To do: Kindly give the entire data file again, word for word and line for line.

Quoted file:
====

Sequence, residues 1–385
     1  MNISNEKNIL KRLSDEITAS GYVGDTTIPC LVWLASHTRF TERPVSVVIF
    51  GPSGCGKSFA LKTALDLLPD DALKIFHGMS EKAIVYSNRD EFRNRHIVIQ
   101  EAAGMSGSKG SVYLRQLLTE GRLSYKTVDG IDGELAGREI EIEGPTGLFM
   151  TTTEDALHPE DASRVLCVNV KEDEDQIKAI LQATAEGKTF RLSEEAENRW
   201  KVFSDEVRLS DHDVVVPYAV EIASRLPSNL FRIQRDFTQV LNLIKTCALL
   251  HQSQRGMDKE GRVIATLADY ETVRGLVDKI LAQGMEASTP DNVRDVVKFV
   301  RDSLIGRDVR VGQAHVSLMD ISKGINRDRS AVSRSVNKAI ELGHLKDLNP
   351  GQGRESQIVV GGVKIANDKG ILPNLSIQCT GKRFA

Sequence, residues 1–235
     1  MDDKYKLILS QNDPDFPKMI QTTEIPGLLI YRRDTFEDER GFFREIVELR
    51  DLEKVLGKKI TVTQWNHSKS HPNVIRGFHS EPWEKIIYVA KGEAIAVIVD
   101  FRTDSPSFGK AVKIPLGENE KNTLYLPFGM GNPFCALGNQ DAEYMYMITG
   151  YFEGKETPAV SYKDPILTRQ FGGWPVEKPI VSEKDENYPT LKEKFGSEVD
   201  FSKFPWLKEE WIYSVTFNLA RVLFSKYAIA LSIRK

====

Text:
Sequence, residues 1–385
     1  MNISNEKNIL KRLSDEITAS GYVGDTTIPC LVWLASHTRF TERPVSVVIF
    51  GPSGCGKSFA LKTALDLLPD DALKIFHGMS EKAIVYSNRD EFRNRHIVIQ
   101  EAAGMSGSKG SVYLRQLLTE GRLSYKTVDG IDGELAGREI EIEGPTGLFM
   151  TTTEDALHPE DASRVLCVNV KEDEDQIKAI LQATAEGKTF RLSEEAENRW
   201  KVFSDEVRLS DHDVVVPYAV EIASRLPSNL FRIQRDFTQV LNLIKTCALL
   251  HQSQRGMDKE GRVIATLADY ETVRGLVDKI LAQGMEASTP DNVRDVVKFV
   301  RDSLIGRDVR VGQAHVSLMD ISKGINRDRS AVSRSVNKAI ELGHLKDLNP
   351  GQGRESQIVV GGVKIANDKG ILPNLSIQCT GKRFA

Sequence, residues 1–235
     1  MDDKYKLILS QNDPDFPKMI QTTEIPGLLI YRRDTFEDER GFFREIVELR
    51  DLEKVLGKKI TVTQWNHSKS HPNVIRGFHS EPWEKIIYVA KGEAIAVIVD
   101  FRTDSPSFGK AVKIPLGENE KNTLYLPFGM GNPFCALGNQ DAEYMYMITG
   151  YFEGKETPAV SYKDPILTRQ FGGWPVEKPI VSEKDENYPT LKEKFGSEVD
   201  FSKFPWLKEE WIYSVTFNLA RVLFSKYAIA LSIRK